3 Mar 2017

Tying down prisoner an 'economic decision' - Ombudsman

5:05 pm on 3 March 2017

The Chief Ombudsman says Corrections has been disingenuous in interpreting his report into the welfare of mentally ill prisoners, which was released yesterday.

Wiri Prison - Auckland Region Women's Corrections Facility

Photo: RNZ / Claire Eastham-Farrelly

In the report, Judge Peter Boshier highlighted five cases where inmates were restrained most of the day.

In one case, a prisoner was tied to a bed for 16 hours a day, for 37 consecutive days - a total of nearly 600 hours.

Yesterday Corrections chief executive Ray Smith defended the actions, saying staff were trying to save the patient's life.

But Judge Boshier said that was disingenuous, and it was an economic decision, rather than a welfare one.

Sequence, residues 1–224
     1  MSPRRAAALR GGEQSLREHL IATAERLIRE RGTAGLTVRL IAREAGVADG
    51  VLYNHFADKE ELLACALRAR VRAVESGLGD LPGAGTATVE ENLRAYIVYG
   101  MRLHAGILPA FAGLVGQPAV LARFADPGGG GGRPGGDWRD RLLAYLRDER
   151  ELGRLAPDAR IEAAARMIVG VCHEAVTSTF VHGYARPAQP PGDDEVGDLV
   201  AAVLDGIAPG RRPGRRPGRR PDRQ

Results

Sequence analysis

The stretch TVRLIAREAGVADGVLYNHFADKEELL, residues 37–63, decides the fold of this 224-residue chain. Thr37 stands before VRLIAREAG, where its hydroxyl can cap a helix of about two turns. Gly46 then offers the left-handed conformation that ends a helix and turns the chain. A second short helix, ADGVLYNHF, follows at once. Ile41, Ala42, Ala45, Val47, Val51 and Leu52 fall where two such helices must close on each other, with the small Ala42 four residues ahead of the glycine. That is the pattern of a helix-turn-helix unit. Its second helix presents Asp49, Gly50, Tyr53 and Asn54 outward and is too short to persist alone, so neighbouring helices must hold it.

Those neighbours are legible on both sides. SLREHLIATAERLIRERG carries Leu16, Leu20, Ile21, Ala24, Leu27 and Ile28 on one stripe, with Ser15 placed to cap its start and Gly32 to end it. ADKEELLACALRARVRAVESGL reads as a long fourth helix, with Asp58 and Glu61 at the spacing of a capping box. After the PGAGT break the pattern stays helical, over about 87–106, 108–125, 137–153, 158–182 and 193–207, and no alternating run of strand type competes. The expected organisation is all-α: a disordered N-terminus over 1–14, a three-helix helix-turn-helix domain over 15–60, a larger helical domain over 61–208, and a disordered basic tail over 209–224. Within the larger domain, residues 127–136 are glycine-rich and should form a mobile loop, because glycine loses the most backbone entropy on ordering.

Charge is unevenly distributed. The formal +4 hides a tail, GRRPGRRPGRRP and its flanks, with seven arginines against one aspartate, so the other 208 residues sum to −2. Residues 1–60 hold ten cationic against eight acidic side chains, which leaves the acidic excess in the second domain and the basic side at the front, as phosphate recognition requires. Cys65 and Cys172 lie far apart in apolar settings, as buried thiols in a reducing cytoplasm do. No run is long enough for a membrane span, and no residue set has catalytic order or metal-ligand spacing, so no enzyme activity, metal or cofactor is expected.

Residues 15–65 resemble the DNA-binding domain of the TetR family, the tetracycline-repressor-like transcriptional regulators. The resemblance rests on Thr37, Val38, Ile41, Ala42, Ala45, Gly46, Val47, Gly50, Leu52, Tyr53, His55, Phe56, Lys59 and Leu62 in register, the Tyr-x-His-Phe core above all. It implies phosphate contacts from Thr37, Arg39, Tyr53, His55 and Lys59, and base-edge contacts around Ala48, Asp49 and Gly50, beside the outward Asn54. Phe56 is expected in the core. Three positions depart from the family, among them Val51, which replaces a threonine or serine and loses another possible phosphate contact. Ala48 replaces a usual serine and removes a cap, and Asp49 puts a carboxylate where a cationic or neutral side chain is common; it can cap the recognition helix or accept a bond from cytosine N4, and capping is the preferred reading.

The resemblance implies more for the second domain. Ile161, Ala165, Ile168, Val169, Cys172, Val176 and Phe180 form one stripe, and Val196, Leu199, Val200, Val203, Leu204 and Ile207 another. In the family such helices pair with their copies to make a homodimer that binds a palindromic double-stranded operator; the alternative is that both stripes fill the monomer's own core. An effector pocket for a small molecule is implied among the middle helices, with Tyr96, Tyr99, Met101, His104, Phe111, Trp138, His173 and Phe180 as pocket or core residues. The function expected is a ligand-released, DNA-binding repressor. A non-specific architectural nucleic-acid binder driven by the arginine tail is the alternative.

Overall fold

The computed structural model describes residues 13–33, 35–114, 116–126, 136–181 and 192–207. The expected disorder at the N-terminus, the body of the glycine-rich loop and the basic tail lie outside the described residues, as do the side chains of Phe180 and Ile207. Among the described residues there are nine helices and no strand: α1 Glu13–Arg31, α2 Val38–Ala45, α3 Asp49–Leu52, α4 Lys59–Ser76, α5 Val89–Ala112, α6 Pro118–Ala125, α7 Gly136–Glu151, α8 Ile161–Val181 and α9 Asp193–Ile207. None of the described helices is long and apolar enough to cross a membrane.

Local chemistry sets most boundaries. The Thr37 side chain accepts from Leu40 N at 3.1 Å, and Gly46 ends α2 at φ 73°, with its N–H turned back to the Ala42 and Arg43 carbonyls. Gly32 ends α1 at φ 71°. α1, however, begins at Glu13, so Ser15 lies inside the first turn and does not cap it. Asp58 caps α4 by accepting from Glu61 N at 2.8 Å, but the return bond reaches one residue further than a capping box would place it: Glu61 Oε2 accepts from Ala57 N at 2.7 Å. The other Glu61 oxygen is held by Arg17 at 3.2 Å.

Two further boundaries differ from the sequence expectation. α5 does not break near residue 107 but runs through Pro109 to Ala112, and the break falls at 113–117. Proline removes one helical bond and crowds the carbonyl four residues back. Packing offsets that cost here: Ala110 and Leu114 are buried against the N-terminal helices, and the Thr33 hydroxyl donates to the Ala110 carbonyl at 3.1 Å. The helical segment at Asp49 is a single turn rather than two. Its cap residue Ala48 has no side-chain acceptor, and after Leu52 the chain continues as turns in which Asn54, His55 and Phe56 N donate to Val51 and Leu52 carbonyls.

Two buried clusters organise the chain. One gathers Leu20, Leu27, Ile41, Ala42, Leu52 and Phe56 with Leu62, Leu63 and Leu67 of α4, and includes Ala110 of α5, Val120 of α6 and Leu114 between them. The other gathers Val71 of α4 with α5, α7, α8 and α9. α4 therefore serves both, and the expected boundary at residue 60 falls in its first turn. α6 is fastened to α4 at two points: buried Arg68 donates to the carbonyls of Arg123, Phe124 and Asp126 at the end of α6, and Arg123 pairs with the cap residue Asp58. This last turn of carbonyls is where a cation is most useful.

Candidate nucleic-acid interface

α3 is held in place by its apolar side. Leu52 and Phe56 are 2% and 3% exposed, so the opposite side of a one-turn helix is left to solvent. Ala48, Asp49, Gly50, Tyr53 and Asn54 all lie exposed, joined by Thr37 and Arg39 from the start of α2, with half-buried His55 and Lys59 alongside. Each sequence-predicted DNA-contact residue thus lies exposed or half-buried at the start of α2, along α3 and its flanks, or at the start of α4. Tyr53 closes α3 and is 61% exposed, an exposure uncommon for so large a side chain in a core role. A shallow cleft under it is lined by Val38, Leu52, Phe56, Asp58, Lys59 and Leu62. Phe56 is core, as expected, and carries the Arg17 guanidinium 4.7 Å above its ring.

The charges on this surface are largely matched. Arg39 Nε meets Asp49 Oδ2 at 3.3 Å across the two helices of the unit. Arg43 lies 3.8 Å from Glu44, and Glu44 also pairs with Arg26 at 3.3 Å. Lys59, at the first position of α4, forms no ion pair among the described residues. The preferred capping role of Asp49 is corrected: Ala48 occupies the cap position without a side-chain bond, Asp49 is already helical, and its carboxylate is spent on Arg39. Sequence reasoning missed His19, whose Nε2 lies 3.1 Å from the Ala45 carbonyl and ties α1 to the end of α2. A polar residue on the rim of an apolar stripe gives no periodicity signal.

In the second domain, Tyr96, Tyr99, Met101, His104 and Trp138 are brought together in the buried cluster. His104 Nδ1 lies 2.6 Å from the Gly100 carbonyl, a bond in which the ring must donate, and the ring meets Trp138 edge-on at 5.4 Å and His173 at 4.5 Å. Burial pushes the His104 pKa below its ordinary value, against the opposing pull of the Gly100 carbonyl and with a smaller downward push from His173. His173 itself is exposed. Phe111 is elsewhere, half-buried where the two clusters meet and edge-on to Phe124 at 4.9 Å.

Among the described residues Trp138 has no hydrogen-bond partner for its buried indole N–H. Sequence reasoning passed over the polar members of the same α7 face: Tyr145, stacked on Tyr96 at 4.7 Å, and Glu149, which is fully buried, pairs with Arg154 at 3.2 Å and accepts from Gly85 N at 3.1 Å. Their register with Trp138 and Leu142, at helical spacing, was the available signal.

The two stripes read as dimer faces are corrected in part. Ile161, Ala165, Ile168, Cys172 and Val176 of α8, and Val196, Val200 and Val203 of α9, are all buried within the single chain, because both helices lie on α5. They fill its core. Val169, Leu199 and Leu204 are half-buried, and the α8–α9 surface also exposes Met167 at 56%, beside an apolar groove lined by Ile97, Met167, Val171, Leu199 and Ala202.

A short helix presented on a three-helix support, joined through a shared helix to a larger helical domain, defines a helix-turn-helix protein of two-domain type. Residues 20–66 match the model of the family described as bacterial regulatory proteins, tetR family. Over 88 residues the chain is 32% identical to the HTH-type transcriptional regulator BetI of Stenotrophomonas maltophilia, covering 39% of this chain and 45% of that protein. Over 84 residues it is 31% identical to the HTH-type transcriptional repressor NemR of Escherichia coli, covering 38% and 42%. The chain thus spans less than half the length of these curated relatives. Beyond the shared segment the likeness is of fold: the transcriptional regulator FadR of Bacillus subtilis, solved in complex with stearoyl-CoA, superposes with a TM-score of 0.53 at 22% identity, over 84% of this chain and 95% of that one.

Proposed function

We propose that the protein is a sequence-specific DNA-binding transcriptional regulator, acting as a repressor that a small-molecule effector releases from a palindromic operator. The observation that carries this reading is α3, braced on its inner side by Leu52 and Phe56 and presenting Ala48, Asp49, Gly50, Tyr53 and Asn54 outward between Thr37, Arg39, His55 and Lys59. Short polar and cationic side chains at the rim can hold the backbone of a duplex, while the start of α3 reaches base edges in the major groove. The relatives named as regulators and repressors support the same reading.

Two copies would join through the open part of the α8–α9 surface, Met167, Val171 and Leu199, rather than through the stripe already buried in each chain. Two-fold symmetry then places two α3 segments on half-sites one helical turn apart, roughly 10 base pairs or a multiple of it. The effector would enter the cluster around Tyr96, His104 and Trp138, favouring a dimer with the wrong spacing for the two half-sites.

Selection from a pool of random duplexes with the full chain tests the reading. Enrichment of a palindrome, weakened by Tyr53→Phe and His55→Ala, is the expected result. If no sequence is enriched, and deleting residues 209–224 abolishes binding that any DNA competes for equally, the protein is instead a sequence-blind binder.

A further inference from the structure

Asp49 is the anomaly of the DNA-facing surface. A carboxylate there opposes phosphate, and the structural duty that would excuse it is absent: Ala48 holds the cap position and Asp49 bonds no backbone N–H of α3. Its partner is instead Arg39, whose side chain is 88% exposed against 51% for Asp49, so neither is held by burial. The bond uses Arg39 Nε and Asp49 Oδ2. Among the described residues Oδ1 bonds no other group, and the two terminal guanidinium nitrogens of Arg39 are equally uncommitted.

"Prisoner A was able to be managed when there was sufficient resourcing. The tie-down coincided with the need for the prison to manage its own resourcing. In other words, it was expedient. So I think it is disingenuous to say there was no choice other than to do this."

Meanwhile, Green Party criminal justice spokesperson David Clendon said it was time for a change of culture at Corrections - starting at the very top.

Mr Clendon said given the number and scale of recent scandals involving Corrections, the government needed to ask if it needed to replace the department's leaders.

"The current chief executive has some undoubted qualities, but he has also presided over some serious failures. I always believe accountability should be centred on the top of an organisation, and for that reason, I think there has to be some hard questions asked as to why we ought not to see some changes."

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